If you want to know when you’re running low on something or need a way to organize like items, glass jars for storage are the way to go. “I have most definitely adopted the Mies van der Rohe's 'Less is More' approach especially when it comes to small spaces,” says Alicia J, Cannon, Principal Designer. “When I have the opportunity to declutter a surface area, I try to eliminate the extra materials altogether,” says Cannon. “When that's not possible, I'm creating organized chaos by putting my things into clear jars and containers that help me know they have a place and make things easy to find. Using clean food jars is also an additional way to help save the planet and eliminate waste.”
19 of 30
Get Rid of What Doesn't Bring You Joy
Marie Flanigan, Principal at Marie Flanigan Interiors, always comes back to the William Morris quote, “Have nothing in your house that you do not know to be useful, or believe to be beautiful.” Our enjoyment of a space grows exponentially when we are surrounded by things we love. “I’ve learned to display items that bring me joy in prominent places in my home, like my favorite pieces of art and beloved books. This ensures I am always enveloped in warmth and inspiration,” says Flanigan.
20 of 30
Add Energy to Your Home With Color
Don’t be afraid to add color to your room. Elin Walters, Principal Designer of Exactly Designs believes that adding bold colors into your space can instantly transform the vibe and energy. “Whether it’s the calm energy of a blue for a bedroom or the uplifting energy of an orange for a kitchen, the color is instrumental in creating a feeling,” she explains. While a neutral room can be beautiful, a bold color will make a statement that will instantly boost yours and guests’ moods.Continue to 21 of 30 below.
21 of 30
Embrace the Play in Playroom
As a mother of seven, by the time she was 30 years old, Jenny Reimold, HomeGoods’ Style Expert, had three children and learned quickly that toys needed stylish and functional storage. “I didn’t want my playroom to look like a preschool, so rather than display ALL toys in open bins, I learned that hiding toys behind cabinets, in drawers and in baskets was an essential part of family design,” explains Reimold. “While toys that are more played with can "live" in open bins. I now create extra storage within our playhouse and even created a horse stall bench that served as storage for larger toy horses,” says Jenny. Look for storage with lids, drawers and utilize spaces behind doors.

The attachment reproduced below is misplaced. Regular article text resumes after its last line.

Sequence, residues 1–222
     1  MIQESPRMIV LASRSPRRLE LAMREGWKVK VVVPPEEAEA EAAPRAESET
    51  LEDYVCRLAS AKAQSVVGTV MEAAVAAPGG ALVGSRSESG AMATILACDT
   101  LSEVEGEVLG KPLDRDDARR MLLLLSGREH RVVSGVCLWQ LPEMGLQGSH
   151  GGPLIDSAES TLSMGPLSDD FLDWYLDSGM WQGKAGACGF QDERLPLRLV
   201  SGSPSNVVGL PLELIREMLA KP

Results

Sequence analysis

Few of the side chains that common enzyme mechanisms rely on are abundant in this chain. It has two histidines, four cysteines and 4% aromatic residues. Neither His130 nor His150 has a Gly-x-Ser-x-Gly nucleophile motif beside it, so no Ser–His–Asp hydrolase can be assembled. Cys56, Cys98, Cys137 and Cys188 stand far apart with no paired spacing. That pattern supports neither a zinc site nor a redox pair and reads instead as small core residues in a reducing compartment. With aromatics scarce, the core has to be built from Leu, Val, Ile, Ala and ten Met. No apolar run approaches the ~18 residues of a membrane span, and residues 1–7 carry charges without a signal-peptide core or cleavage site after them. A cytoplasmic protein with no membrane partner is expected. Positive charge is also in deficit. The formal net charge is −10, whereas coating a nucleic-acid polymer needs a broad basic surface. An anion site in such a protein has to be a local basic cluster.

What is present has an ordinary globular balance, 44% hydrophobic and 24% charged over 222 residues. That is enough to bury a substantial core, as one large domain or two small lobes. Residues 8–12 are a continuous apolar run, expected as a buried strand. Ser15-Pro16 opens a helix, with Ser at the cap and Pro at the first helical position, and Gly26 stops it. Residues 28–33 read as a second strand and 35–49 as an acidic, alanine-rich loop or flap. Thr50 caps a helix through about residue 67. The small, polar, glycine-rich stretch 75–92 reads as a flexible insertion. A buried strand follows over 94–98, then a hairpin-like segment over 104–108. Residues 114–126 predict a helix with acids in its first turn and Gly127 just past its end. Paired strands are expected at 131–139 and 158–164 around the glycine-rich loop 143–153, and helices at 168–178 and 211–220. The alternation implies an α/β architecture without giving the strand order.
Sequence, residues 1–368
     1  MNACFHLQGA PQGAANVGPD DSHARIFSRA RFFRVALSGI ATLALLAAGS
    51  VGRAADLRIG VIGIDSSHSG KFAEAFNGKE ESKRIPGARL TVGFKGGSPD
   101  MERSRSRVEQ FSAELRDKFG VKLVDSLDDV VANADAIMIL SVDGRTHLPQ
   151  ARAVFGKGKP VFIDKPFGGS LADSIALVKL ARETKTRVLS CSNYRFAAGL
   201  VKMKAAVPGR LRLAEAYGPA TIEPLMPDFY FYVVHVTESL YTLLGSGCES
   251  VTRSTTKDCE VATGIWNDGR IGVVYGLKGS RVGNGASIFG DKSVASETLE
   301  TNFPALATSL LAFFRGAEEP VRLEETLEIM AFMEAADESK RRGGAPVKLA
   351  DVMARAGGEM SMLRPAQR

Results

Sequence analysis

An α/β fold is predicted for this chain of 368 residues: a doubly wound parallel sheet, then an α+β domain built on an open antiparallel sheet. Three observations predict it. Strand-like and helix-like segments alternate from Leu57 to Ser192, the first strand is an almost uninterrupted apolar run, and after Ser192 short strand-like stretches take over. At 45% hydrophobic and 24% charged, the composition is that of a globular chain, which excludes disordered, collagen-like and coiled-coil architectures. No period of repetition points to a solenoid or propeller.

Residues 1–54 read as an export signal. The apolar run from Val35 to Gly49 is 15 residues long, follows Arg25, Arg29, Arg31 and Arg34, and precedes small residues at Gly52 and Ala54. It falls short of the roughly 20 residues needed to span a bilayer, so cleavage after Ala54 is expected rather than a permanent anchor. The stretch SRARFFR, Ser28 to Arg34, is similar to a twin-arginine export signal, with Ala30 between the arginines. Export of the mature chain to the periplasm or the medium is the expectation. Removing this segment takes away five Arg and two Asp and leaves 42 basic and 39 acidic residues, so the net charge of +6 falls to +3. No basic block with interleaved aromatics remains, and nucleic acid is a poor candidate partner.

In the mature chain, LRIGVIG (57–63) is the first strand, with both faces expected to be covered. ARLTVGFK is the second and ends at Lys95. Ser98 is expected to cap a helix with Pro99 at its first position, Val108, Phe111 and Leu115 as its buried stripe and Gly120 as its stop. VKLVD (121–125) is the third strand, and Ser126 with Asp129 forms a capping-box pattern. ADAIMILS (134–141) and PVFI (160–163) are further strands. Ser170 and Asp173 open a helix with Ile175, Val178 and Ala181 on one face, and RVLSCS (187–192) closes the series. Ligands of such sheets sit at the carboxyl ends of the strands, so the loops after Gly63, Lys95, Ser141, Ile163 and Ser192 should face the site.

22 of 30
You Don't Always Need to Buy New Decor
Paul Zahn, Entertaining Expert & TV Host, recognizes that people spend a lot of money on holiday decor, when you can take items you already have at home to craft some fun decorations. “For example, I took an empty can after and turned it into a perfect December centerpiece. I used some burlap and ribbon I had laying around and wired together some old ornaments. Voila! Instant mantle decor or centerpiece and at basically no cost!” he explains.
23 of 30
Don’t Pass Up on Unique Finds
If you’ve ever gone antiquing or gone to a store that carries one-of-a-kind items, you might know the feeling when you pass on something, can't stop thinking about it, go and get it and then it's gone. James Farmer, Founder of James Farmer Inc, insists that you only regret what you do not buy...within reason of course! “See and seize the moment when you are drawn to a great find. The last thing you want is for that great vase or pair of lamps to haunt you! Whether you use it today or in five years, a unique find is always worth getting,” he explains. “The focal point of my garden is an old church steeple that had just been removed from its original structure. I truly snagged it from the side of the road and now it is one of my favorite aspects of my home. It tells quite a story!”